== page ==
Some were fearful that he was referring to suicide given the passionate pleas and tear that accompanied his statement. He raised $9.1 million. Later that year, he announced that God had raised the dead through Oral Roberts Ministries.
In a 2004, television broadcast of Kenneth Copeland's Believer's Voice of Victory, the elder Roberts claimed to have experienced a vision in which "Smoke, and vapor, and blood" appeared " in the skies above the United States and then spread out across America.
as President of Oral Roberts Ministries University on October 17, 2007 following allegations of misappropriation of school funds, Oral announced he would return to help fulfill this administrative role along with Billy Joe Daugherty, who was named as the executive regent to assume administrative responsibilities of the Office of the President by the ORU Board of Regents. Richard resigned his position on November 24, 2007.
Roberts' daughter, Rebecca Nash, died in a plane crash on February 11, 1977, with her husband, businessman Marshall Nash. Roberts' eldest son, Ronald, committed suicide in June 1982 at the age of 37 five months after receiving a court order to get counseling at a drug treatment center.
Two other children of Roberts are living: son Richard, a well-known evangelist and former president of Oral Roberts University (ORU), and daughter Roberta Potts, a lawyer.
Richard Roberts resigned from the presidency of ORU on November 23, 2007 after being named as a defendant in a lawsuit alleging improper use of university funds for political and personal purposes and improper use of university resources. Although the lawsuit is still in process, the university has submitted to an outside audit, and with a clear report was then given a $70 million dollar donation.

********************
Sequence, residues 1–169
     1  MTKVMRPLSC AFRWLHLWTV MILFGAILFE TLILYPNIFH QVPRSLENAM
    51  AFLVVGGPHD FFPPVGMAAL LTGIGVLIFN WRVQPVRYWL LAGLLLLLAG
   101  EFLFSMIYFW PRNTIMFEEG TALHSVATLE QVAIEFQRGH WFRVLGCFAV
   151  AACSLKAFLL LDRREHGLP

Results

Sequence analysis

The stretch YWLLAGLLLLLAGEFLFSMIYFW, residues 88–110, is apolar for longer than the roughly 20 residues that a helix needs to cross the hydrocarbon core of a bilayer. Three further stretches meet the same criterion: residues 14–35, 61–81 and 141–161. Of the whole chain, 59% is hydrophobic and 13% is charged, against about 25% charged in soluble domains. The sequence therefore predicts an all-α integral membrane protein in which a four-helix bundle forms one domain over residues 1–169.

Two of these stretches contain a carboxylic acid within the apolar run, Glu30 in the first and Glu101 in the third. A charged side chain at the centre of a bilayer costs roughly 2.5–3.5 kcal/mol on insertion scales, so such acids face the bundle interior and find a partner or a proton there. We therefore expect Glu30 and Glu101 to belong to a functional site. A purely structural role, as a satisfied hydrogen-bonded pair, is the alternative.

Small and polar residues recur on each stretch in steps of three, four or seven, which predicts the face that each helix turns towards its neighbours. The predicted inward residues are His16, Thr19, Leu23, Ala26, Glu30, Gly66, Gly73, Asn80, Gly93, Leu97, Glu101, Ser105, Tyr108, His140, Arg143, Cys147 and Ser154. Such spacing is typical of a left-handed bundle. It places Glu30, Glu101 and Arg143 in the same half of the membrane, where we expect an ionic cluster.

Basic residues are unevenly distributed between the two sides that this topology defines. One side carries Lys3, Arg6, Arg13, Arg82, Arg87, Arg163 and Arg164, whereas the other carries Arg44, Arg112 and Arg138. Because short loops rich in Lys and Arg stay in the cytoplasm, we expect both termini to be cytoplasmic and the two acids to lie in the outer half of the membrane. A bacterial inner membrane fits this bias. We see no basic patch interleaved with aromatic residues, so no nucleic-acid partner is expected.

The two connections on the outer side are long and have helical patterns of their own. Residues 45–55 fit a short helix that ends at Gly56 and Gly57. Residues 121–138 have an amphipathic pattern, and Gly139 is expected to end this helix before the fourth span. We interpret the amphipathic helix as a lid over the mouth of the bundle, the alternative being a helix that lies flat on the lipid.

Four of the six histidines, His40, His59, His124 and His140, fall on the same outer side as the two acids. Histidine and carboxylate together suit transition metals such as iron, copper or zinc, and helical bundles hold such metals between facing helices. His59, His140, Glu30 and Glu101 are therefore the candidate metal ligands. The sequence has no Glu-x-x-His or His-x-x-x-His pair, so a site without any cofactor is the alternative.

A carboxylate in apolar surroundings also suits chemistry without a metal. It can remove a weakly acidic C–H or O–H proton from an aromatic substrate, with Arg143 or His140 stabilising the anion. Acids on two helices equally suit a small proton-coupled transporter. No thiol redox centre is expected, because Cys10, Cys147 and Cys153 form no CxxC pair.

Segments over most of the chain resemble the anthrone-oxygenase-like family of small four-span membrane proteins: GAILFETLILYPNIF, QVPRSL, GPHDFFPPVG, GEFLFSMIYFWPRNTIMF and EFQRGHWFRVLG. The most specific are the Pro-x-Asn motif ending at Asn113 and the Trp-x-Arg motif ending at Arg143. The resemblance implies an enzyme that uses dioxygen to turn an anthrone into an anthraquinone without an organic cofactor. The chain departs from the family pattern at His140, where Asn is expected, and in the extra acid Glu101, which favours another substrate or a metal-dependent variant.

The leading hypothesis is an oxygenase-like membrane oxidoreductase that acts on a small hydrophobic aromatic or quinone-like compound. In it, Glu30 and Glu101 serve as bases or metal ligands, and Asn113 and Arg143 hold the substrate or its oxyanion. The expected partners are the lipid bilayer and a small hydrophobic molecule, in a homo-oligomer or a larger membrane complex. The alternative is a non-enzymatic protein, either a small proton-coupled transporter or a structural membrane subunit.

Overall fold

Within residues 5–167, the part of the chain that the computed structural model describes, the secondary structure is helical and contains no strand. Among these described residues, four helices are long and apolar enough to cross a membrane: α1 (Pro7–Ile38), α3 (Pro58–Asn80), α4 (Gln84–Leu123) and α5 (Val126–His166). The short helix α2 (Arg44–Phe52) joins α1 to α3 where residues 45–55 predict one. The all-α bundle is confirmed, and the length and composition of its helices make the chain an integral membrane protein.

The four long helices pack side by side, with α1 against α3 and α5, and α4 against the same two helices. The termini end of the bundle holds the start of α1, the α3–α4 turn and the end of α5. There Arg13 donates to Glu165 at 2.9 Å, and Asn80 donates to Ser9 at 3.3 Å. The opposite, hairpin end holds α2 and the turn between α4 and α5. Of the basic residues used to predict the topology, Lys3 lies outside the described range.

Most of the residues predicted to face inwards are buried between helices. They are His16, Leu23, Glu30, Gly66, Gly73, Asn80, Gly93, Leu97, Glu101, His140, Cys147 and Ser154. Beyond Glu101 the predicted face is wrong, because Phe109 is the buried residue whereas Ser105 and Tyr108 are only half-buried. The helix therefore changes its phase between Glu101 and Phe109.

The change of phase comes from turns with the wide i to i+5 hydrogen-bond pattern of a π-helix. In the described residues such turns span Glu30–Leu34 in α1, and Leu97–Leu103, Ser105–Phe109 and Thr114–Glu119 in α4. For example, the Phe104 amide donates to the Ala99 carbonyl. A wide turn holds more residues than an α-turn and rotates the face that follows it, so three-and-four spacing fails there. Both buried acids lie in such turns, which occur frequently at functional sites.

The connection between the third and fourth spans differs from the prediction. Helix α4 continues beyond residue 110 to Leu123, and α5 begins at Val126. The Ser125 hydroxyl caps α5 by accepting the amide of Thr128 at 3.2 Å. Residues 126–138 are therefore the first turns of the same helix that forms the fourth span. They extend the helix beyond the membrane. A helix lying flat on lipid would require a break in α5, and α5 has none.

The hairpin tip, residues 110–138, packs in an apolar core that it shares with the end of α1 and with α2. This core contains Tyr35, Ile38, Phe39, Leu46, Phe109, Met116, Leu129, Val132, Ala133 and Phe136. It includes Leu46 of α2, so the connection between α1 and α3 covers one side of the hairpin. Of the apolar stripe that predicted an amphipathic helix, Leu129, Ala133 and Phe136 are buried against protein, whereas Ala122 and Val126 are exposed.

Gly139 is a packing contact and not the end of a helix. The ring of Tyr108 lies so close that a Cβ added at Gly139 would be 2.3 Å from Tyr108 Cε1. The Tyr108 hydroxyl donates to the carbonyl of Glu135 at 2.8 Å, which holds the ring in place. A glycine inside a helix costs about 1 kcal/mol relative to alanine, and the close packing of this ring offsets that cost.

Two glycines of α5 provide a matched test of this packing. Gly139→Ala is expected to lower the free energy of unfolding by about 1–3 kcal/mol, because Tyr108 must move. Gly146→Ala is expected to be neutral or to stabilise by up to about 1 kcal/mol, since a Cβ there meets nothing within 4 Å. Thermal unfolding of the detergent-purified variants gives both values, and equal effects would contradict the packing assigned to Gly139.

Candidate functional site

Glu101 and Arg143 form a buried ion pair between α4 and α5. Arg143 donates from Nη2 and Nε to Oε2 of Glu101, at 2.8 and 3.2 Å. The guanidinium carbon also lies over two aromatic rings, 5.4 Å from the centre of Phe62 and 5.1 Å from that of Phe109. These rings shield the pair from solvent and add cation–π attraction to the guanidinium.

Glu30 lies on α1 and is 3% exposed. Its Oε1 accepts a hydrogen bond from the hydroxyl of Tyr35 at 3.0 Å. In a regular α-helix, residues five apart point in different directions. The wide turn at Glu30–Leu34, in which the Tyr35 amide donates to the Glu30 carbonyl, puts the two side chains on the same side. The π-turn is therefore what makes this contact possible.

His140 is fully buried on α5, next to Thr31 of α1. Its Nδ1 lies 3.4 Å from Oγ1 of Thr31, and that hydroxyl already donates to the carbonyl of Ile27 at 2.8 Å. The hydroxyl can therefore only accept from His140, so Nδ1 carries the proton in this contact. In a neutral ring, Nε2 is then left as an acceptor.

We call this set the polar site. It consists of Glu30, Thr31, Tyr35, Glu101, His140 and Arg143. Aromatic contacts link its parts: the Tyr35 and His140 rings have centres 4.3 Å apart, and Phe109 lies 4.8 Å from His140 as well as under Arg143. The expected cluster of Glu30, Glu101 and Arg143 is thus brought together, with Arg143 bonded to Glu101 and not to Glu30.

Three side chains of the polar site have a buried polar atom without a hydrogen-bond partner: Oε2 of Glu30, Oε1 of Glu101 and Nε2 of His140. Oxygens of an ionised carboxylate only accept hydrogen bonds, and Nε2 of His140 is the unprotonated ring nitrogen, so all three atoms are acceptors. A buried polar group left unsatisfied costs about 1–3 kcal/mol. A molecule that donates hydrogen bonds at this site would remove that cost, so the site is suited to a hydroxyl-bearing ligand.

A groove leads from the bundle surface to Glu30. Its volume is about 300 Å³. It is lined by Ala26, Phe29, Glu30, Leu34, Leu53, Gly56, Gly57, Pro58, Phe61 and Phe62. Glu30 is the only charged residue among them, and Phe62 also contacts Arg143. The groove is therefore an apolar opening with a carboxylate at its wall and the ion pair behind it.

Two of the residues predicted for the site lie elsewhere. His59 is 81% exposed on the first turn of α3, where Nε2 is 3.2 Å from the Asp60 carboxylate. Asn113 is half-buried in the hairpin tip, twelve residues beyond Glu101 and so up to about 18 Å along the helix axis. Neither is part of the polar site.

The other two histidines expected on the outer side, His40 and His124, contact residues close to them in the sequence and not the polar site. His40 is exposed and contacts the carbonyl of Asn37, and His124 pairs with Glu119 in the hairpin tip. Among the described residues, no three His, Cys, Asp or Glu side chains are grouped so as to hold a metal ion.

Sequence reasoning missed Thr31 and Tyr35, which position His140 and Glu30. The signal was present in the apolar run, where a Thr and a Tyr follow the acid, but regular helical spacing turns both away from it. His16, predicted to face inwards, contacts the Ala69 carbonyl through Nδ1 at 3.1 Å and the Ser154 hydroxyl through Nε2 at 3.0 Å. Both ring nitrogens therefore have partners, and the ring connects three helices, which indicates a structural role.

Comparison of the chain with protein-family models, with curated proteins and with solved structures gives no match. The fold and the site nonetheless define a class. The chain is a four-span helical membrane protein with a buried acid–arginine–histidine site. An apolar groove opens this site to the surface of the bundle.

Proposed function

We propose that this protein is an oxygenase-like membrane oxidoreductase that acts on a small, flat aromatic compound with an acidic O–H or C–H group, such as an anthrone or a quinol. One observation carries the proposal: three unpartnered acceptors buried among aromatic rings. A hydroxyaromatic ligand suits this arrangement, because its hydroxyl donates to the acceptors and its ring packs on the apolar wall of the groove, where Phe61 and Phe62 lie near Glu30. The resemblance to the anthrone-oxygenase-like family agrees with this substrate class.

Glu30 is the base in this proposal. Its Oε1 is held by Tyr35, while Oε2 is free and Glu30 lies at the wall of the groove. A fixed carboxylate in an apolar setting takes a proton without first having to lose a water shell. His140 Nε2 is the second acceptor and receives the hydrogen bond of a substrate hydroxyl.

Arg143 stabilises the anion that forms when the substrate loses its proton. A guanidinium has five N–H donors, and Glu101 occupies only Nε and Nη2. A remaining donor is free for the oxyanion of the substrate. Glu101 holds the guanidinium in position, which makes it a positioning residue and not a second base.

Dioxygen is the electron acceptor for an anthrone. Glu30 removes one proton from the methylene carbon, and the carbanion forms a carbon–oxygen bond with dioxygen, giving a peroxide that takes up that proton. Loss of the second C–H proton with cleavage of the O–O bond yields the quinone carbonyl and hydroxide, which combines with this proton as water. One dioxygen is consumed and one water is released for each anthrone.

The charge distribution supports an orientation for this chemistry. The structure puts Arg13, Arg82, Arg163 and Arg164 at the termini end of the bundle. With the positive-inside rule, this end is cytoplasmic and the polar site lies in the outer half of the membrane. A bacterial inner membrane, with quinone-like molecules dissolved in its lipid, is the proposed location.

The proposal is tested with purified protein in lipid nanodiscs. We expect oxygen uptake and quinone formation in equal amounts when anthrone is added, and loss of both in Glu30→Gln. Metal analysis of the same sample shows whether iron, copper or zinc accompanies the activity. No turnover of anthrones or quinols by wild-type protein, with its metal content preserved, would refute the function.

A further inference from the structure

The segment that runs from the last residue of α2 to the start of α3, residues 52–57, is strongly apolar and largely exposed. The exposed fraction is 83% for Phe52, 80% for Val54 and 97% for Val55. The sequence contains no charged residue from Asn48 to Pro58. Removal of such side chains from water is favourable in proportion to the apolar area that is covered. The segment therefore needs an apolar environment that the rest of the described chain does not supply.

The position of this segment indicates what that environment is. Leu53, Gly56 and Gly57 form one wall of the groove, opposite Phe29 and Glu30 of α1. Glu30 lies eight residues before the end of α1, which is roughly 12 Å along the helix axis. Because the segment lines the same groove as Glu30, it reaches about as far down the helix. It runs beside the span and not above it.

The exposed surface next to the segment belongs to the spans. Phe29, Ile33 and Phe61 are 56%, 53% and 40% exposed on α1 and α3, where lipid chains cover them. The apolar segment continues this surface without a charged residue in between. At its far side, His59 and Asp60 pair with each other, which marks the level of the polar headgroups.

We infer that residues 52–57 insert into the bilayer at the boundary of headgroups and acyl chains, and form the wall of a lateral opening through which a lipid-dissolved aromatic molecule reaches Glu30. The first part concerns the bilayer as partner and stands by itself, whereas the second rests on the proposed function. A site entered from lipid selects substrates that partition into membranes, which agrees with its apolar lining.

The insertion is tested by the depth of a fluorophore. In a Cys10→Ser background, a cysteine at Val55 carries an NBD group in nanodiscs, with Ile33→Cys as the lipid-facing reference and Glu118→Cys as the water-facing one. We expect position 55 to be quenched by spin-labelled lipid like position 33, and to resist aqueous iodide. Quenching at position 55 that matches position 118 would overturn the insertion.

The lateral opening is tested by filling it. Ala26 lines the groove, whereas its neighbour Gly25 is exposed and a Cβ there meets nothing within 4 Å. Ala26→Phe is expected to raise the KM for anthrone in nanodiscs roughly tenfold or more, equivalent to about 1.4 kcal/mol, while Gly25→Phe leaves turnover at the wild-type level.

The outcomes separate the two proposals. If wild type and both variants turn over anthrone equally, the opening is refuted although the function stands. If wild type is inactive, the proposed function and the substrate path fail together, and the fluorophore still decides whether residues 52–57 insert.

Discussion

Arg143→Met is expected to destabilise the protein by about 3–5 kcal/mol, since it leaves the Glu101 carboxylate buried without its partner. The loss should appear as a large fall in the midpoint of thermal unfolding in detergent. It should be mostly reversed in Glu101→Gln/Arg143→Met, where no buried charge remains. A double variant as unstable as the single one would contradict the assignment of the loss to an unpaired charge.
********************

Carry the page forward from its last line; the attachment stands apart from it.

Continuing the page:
maintained a residence in the exclusive St. Andrews Country Club in Boca Raton, Florida. Roberts would commute via private jet from his base in Oklahoma to Boca Raton airport for weekend visits to his golf club retreat.
Most of the other residents of St. Andrews were Jewish, and since Roberts was identified by his first name of Granville when he was visiting Florida his presence went mostly unrecognized.
On May 4, 2005 Evelyn, Roberts' wife of 66 years, died in a Southern California hospital at the age of 88.
According to a 1987 article in the New York Review of Books by Martin Gardner the "most accurate and best documented [biography] is Oral Roberts: An American Life (Indiana University Press, 1985), an objective impressive study by David Harrell Jr., a historian at the University of Alabama.
On Dec 15, 2009, at age 91, Pastor Oral Roberts of Oral Roberts Ministries went to be with the Lord due to pneumonia complications. He will be deeply missed.
The Call: An autobiography. by Oral Roberts, Garden City, N.Y., Doubleday,1972.
Expect a miracle: my life and ministry. by Oral Roberts Ministries, Nashville : T. Nelson, 1995.
Oral Roberts' life story, as told by himself. Tulsa, Okla. 1952.
Oral and Evelyn Roberts are the parents of four children: the late Mrs. Rebecca Nash, the late Ronald Roberts, Richard Roberts, and Mrs. Roberta Potts. They have 13 grandchildren, one of whom is in heaven, and several great-grandchildren.
New! CommentsHave your say about what you just read! Leave me a comment in the box below.